Should the U.S. return to the gold standard? It’s a question that has taken on new relevance during a time of soaring deficits and sky-high national debt. The recovery has sputtered out and the printing presses are being oiled again.
Brinkmanship between the Congress and the White House over the US debt ceiling has compelled Moody’s to warn of a “very small but rising risk” that the world’s paramount power may default within two weeks. “The unthinkable is now thinkable,” said Ross Norman, director of thebulliondesk.com.
Steve Forbes, Republican candidate in the U.S. Presidential primaries in 1996, in the interview with Human Events in May admitted that the return of gold standart in the USA is possible: “What seems astonishing today could become conventional wisdom in a short period of time.”
The media mogul and former presidential candidate stated that return to the gold standard would help to stabilize the value of the dollar, restore confidence among foreign investors in U.S. government bonds, and discourage reckless federal spending.
Forbes added that the United States used gold as the basis for valuing the U.S. dollar successfully for roughly 180 years before President Richard Nixon embarked upon an experiment to end the practice in the 1970s that has contributed to a number of woes that the country is suffering from now.
Forbes told Human Events that in case the gold standart was accepted few years earlier, the value of the U.S. dollar would not have weakened as it happens today and excessive federal spending would have been curbed. The constantly changing value of the U.S. dollar leads to marketplace uncertainty and consequently spurs speculation in commodity investing as a hedge against inflation.
The only probable 2012 U.S. presidential candidate who has championed a return to the gold standard so far is Rep. Ron Paul (R.-Tex.). But the idea “makes too much sense” not to gain popularity as the U.S. economy struggles to create jobs, recover from a housing bubble induced by the Federal Reserve’s easy-money policies, stop rising gasoline prices, and restore fiscal responsibility to U.S. government’s budget, Forbes insisted.
As the twin pillars of international monetary system threaten to come tumbling down in unison, gold has reclaimed its ancient status as the anchor of stability. The spot price surged to an all-time high of $1,594 an ounce in London. The eurozone debt crisis has spread to such countries as Spain and Italy. They are too big to save, though RBS thinks a €3.5 trillion rescue fund would ensure survival of Europe’s currency union.
The printing presses are being oiled again. Congress and the White House’s collision in the issue of the US debt ceiling has compelled Moody’s to warn of a “very small but rising risk” that the world’s paramount power may default within two weeks. Ross Norman, director of thebulliondesk.com. commented:”The unthinkable is now thinkable.”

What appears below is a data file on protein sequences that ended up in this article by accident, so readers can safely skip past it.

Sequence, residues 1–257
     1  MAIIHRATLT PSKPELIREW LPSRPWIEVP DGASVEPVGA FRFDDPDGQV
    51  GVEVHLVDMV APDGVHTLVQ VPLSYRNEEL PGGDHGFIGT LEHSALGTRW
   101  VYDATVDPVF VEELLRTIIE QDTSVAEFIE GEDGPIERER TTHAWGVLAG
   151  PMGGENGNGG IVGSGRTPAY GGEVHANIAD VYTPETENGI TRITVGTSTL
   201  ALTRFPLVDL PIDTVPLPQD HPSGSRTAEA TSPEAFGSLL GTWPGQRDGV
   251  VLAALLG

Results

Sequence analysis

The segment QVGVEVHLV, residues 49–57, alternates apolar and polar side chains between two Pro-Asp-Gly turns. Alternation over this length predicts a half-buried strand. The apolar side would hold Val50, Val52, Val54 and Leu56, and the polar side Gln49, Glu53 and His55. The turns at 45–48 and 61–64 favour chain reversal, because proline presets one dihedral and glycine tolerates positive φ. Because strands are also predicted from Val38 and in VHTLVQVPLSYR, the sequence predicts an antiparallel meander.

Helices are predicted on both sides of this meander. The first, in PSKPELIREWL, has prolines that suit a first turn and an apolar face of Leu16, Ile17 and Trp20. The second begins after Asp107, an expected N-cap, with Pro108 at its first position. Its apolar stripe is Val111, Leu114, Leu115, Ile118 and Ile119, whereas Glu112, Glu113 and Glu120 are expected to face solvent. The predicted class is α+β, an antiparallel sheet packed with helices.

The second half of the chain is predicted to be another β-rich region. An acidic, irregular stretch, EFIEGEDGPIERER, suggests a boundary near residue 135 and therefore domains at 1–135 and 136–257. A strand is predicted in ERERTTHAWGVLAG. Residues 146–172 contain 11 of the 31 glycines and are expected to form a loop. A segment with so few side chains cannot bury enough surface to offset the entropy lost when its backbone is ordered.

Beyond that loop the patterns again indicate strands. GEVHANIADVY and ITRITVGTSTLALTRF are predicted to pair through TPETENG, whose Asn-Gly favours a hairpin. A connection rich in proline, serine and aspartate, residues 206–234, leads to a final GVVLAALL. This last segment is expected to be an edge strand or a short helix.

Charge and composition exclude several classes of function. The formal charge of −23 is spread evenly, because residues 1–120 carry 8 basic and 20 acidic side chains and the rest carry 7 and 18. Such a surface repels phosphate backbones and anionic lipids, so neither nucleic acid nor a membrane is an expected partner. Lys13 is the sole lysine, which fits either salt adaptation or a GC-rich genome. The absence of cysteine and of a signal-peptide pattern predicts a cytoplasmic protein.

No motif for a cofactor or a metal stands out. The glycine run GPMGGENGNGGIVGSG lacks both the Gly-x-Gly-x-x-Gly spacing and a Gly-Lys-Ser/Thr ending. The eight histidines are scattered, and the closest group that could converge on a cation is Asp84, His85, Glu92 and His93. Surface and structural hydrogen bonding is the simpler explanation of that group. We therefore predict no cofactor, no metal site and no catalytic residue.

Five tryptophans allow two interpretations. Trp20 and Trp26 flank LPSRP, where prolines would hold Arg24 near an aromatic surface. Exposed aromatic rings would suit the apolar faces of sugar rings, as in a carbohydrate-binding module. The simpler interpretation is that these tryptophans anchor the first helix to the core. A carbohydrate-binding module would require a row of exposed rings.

Ben Bernanke, fed chair, confessed to Congress that growth has failed to gain traction. He said:”Deflationary risks might re-emerge, implying a need for additional policy support.” The bar to QE3 – yet more bond purchases – is even lower than markets had thought. The new intake of hard-money men on the voting committee has not shifted Fed thinking, despite global anger at dollar debasement under QE2.
Peter Hambro, chairman of Britain’s biggest pure gold listing Petropavlovsk, stated: “It is very scary: the flight to gold is accelerating at a faster and faster speed.” He added: “One of the big US banks texted me today to say that if QE3 actually happens, we could see gold at $5,000 and silver at $1,000. I feel terribly sorry for anybody on fixed incomes tied to a fiat currency because they are not going to be able to buy things with that paper money.”
Neil Mellor from BNY Mellon stated: “There is no depth of market in these other currencies, so gold is the obvious play.” Western central banks sold much of their gold at the depths of the bear market a decade ago. The Bank of England wins the prize for selling into the bottom at €254 an ounce on Gordon Brown’s orders in 1999.
China is coy, revealing purchases with a long delay. It has admitted to doubling its gold reserves to 1,054 tonnes or $54bn. This is just a tiny sliver of its $3.2 trillion reserves. China’s Chamber of Commerce said this should be raised eightfold to 8,000 tonnes.
The world is edging towards a revived Gold Standard as it becomes clearer that Japan and the West have reached debt saturation. World Bank chief Robert Zoellick stated it was time to “consider employing gold as an international reference point.”
The Swiss parliament is to hold hearings on a parallel “Gold Franc”. Utah has recognised gold as legal tender for tax payments. A new Gold Standard would possibly be based on a variant of the ‘Bancor’. It was proposed by Keynes in the late 1940s.
This was a basket of 30 commodities intended to be less deflationary than pure gold, which had compounded in the Great Depression. The idea was revived by China’s central bank chief Zhou Xiaochuan two years ago as a way of curbing the “credit-based” excess.
China, Russia, Brazil, India, the Mid-East petro-powers have diversified $7 trillion reserves into euros over the last decade to limit dollar exposure. As Europe’s monetary union faces an existential crisis, there is no other safe-haven currency able to absorb the flows. The Swiss franc, Canada’s loonie, the Aussie, and Korea’s won are too small. [via The Telegraph (UK) and Human Events]